Harrington confident he can solve Augusta jigsaw

Padraig Harrington believes he’s got a better chance of winning the Masters than ever. Picture Eoin Clarke/www.golffile.ie)Padraig Harrington hopes Phil Mickelson will be helping him into the green jacket when he lies in bed next Saturday night.

Ok, the real ceremony doesn’t happen until Sunday evening but Harrington knows that if he’s visualising himself as Ireland’s first Masters champion on the eve of the final round, he’ll be perfectly placed to achieve his dream win.

Winning a major is all about getting in position with nine holes to go and Harrington reckons he’s in a better place now than he was two years ago, when he went to Augusta seeking the third leg of the “Paddy Slam” following his back to back wins in the Open and the US PGA in 2008.

Believing he’s more ready than ever to become Masters champion, Harrington insisted: “I would be far more confident now than I was in 2009. I am far more in control of my game.

“If I hit a bad shot, I know physically why I hit a bad shot and I know mentally why I made that physical move.  It is not that I don’t hit bad shots or won’t hit many of them going forward, but there is a certain peace of mind to understanding it. So I am a better player now that I was when I won the three majors.”

Nothing scares the living daylights out of Harrington more than Augusta National.

But he works on the theory that if he is feeling intimidated, nearly everyone else is having waking nightmares.

And with three major trophies sitting on the kitchen counter at home, he’s gambling that he’ll have the edge with nine holes to play, especially if there are a few first timers in the mix.

Confident that he’d have the guts to grab his chance, Harrington said: “The fact that I have gone and won majors means I would relish the opportunity of being in that position on Sunday afternoon.

“If I can get into contention with nine holes to go, I will look forward to that. It depends on who you are coming up against but in many instances, I will have the edge.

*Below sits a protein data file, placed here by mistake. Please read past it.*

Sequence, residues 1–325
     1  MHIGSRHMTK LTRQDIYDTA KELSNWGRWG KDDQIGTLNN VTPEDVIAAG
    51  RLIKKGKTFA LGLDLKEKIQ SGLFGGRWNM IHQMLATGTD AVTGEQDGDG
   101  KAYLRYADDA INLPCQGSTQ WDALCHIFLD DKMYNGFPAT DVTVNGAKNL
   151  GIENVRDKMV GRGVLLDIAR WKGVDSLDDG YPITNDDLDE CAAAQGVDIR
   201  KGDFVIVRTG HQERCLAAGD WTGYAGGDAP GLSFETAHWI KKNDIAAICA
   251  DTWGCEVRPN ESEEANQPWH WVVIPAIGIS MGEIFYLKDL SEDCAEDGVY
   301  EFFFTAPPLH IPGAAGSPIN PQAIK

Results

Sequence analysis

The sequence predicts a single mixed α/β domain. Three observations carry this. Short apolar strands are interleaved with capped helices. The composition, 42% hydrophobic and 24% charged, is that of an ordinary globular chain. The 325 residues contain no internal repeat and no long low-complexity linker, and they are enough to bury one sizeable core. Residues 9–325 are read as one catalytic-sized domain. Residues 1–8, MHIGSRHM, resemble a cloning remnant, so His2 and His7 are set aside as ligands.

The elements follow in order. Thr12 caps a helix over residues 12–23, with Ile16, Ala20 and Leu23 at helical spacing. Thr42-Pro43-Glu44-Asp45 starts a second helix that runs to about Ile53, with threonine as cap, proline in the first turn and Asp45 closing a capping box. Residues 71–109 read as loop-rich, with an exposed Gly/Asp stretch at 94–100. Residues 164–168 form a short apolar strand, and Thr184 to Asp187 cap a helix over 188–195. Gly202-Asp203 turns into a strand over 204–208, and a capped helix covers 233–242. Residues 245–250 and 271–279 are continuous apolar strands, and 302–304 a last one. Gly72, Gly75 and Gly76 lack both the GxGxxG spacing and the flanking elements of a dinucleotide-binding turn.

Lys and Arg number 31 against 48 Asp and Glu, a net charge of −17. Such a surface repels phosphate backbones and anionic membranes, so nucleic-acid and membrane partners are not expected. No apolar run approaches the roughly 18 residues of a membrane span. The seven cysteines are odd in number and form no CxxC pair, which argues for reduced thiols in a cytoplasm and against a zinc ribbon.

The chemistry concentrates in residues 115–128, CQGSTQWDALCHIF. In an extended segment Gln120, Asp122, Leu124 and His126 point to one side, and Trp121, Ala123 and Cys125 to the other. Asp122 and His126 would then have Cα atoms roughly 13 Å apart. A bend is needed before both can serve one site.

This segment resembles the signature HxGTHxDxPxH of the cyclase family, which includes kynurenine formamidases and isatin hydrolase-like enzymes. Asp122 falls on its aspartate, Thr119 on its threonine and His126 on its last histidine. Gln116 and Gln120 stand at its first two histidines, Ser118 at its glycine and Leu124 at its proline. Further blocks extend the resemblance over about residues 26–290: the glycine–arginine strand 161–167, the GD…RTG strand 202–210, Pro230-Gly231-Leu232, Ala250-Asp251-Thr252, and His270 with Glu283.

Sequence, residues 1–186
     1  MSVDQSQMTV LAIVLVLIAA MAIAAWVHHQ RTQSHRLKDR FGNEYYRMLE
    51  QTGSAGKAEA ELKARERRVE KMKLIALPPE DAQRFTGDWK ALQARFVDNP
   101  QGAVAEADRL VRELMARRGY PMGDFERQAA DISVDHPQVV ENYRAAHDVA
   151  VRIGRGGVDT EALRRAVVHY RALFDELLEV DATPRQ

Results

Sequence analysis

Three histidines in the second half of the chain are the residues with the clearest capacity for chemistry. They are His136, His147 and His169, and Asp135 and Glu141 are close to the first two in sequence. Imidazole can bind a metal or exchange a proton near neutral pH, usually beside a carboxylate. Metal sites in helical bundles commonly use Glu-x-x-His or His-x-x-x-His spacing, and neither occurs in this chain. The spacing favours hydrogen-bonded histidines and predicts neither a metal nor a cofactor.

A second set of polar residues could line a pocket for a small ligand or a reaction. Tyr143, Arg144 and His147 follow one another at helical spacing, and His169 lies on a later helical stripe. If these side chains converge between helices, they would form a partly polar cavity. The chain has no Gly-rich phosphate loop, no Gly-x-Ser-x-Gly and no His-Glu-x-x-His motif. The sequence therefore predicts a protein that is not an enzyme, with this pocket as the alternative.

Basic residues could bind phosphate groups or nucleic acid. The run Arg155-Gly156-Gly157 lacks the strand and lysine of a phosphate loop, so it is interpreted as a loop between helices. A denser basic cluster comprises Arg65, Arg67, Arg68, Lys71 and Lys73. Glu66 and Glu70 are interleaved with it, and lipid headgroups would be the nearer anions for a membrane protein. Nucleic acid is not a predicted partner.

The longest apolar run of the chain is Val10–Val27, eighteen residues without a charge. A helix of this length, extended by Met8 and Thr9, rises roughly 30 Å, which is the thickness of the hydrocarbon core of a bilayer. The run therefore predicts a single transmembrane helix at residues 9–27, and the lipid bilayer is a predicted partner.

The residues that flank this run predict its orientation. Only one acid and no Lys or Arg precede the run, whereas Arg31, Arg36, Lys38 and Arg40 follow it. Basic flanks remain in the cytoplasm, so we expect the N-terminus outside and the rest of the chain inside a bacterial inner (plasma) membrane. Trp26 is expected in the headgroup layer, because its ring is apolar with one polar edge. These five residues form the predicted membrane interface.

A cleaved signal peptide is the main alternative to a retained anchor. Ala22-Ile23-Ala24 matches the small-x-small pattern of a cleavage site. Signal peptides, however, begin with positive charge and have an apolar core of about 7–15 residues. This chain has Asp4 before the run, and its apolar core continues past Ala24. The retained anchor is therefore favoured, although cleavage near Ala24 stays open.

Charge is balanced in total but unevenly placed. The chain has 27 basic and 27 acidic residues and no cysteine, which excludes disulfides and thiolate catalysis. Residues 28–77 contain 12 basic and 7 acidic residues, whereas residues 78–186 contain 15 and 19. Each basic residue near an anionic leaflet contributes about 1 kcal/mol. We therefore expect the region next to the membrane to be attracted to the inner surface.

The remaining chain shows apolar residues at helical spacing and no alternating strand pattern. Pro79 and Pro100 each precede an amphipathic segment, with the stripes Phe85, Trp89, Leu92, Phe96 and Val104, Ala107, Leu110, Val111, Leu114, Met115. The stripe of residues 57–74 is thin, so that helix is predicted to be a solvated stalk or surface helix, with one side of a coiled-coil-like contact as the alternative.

“The fact that I have done it and proved it in the past, and done it in different ways will mean that I will feel, not comfortable, but certainly aware of the feelings coming down the stretch.

“The big thing is getting myself in position, there is no doubt. But it is easier coming down the stretch in a major than maybe in a regular event. So that’s where I have got to get.

“If I can produce the control and consistency for three and a half rounds so I am in position, we all know that anything can happen over those nine holes.

“With experience and having done it in many varied ways, I can understand that there are many ways to win a tournament.”

The hard part is getting through the first 63 holes playing well and avoiding a major disaster, something Harrington has done just twice (at a stretch) in 10 previous appearances.

And this is why he certainly won’t be letting his guard down on a course he describes as “probably the most intimidating tournament course we play.”

He said: “There are very few shots on that golf course where you aren’t under quite a lot of pressure, especially on the back nine on Sunday.

“The greens are fast and slippery on a Sunday. It really is tough. The chips are off tight lies, against the grain. You just have to be perfect.

“All your irons shots are over water with swirling winds so it really is an intimidating golf course so that should help me. I am sure everybody else finds it intimidating as well.

“The easier the golf course, the more chance other people have. I prefer the conditions I find at Augusta, where you have to be well on top of your emotions and in control coming down the stretch.

“The whole course is tough but the back nine on a Sunday is an extreme test.”

It’s a test Harrington wants to experience for the first time with three majors already in the bag. Getting out of his own way for the first three and a half days is the problem.